Richard Nixon learned to play poker long before he became President of the United States, and then became the first and only president in history to resign. By doing so, he may have verified the view of one of his Whittier College teachers, Albert Upton, who was reportedly quoted as saying that “a man who can’t handle a hand at a first-class poker table is unqualified to be President of the United States.”
Here are a few lesser-known tales about Tricky Dick discusses poker at the White House. Check this out!
Tricky Dick Discusses Poker : Nixon as an Amateur Player
Some claim Nixon initially learned poker as a youngster while spending summers tending the “Wheel of Fortune” at a rodeo in Arizona. Others believe he was introduced to the game later such as Tricky Dick discusses poker.
Nixon’s Quaker background would imply that he avoided card playing as a child. But Nixon had probably played poker by the time he graduated from Whittier and enrolled at Duke Law School. Nixon applied to the Federal Bureau of Investigation for the post of Special Agent in the spring of 1937, just a few months after receiving his law degree.
Nixon had an in-person interview with FBI Inspector Special Agent in Charge J.H. Hanson later that summer, when he was back in California.
Nixon Interviewed by FBI
Hanson’s interview notes recognize Nixon’s lack of investigative experience while still recommending him as a suitable candidate with “above average intelligence and mental attentiveness.” Hanson also remarked on Nixon’s tidy look, limited typing abilities, and the fact that he only drank “an occasional social glass of booze.”
Finally, under the title “recreations and tastes,” Hanson included Nixon’s enjoyment of handball, swimming, attending to the movies, dancing, and reading, as well as one additional hobby poker such as Tricky Dick discusses poker game.
Tricky Dick Discusses Poker: Did Nixone Really Enter FBI?
Nixon was not hired by the FBI. Over the following five years, he’d pass the bar, marry, work for a Whittier legal firm, then go to Washington, D.C. with wife Pat to work for the Office of Price Administration.
He enlisted in the Navy in August 1942, at the age of 29, and the following year found himself working as a passenger control officer for the South Pacific Combat Air Transport Command.
He’d eventually be promoted to lieutenant, and in January 1944, he and his group were sent to the USS Bougainville, which served as a stopover for pilots traveling to and from fighting missions.
He’d also serve on adjacent Nissan Island, also known as Green Island, until July 1944, when he was ordered back to the United States, where he’d remain for the balance of the war.
Most Nixon biographers claim that he initially played poker while in the Navy, especially when stationed in the South Pacific. In fact, when asked about Tricky Dick discusses poker, Nixon would say as much. At least, that’s what he told Earl Mazo, the author of an early biography published not long before Nixon ran for president for the first time in 1960.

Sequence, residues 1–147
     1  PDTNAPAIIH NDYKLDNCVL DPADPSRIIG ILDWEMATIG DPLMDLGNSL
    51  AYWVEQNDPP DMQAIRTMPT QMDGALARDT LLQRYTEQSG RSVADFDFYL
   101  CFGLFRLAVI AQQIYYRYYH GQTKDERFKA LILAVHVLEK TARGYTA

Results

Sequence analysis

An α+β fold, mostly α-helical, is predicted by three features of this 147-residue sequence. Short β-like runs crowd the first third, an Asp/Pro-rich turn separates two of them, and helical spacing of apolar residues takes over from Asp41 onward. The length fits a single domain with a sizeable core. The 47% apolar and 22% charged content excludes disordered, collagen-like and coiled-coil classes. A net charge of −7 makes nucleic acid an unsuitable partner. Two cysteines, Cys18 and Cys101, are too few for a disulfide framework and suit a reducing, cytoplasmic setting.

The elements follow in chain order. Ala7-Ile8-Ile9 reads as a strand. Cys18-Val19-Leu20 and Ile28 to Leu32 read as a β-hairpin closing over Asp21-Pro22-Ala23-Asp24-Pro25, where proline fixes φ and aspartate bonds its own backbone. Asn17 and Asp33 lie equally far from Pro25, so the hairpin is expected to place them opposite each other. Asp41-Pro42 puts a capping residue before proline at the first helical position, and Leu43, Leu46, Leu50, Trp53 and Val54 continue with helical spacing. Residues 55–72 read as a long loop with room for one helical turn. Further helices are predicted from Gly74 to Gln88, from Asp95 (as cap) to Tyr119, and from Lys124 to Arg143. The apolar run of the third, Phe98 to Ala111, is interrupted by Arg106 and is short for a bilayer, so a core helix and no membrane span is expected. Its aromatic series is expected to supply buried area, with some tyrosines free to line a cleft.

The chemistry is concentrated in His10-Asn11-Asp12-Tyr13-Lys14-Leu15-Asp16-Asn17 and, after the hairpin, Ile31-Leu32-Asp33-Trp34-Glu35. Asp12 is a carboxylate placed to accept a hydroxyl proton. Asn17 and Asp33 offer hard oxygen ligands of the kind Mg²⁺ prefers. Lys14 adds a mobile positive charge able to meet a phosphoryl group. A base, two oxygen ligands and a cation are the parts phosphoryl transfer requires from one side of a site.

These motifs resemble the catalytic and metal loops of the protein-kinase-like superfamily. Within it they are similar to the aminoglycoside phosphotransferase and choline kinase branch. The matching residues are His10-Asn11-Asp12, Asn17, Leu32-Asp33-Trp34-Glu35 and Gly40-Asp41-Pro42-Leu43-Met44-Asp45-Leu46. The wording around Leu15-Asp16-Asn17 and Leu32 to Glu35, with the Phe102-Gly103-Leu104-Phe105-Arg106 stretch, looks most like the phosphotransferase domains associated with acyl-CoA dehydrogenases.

“I never understood what poker was until I joined the Navy,” Nixon said of Mazo, who, like many others who have written about Nixon over the years, accepted the allegation without doubt.
Many years later, during the Senate Watergate Committee hearings, Sen.
Howard Baker would be the one to ask what would become for many the most significant and unforgettable inquiry about the break-ins at the Democratic National Committee headquarters and subsequent efforts by Nixon and members of the White House staff to conceal their participation.
Tricky Dick Discusses Poker Strategy from Nixon
We may reword Baker’s famous question and apply it to Nixon’s poker knowledge. Such as what did he know, and when did he find out about Tricky Dick discusses Poker strategy in the Pacific Ocean
Even if Nixon played poker before joining the Navy, it’s reasonable to assume he never took it as seriously as he did during his months in the South Pacific. Those about Nixon’s seeming talent at poker abound, as do stories about his stealing thousands of dollars from his fellow officers.
Nixon would modestly admit in his memoirs that “my poker playing at this time has been substantially exaggerated in terms of both my skill and wins.”
Even so, he wouldn’t need much prodding later in life to remind people of how he’d won up to 10,000 USD in five-card stud and five-card draw games.
Nixon studied poker strategies with zeal, drawing on the same work ethic he shown in college and law school, and receiving some guidance from his bunkmate Jimmy Stewart (not the actor), with whom he helped head the SCAT detachment.
“I spotted Nick buried in his thoughts one day,” Stewart subsequently told another Nixon historian.
Tricky Dick Discusses Poker : Nixon Focused on an Issue
Finally, he said, ‘Is there any certain technique to win in poker by Tricky Dick discusses poker?’ I indicated that while I didn’t know of a guaranteed technique to win, I did have a hypothesis about playing draw poker.”
Stewart’s approach was to play a close game “that one must never stay in unless he thinks he has everyone defeated at the moment of the draw.” Nixon realized what he was doing, and the two “played two-handed poker without money for four or five days, until he had learned the different moves.”
It’s hard to say how much Nixon earned at poker while serving in the Pacific, but letters home to Pat show he was sending money home on a regular basis, and most biographers believe he used at least part of his earnings to help fund his first Congressional campaign in 1946.
Prior to that first campaign, Nixon and Pat’s “net worth was 10,000 USD, a mix of what I had saved from my Navy pay, my poker wins in the South Pacific, and Pat’s work” while he was away, according to one of his later memoirs, In the Arena”.
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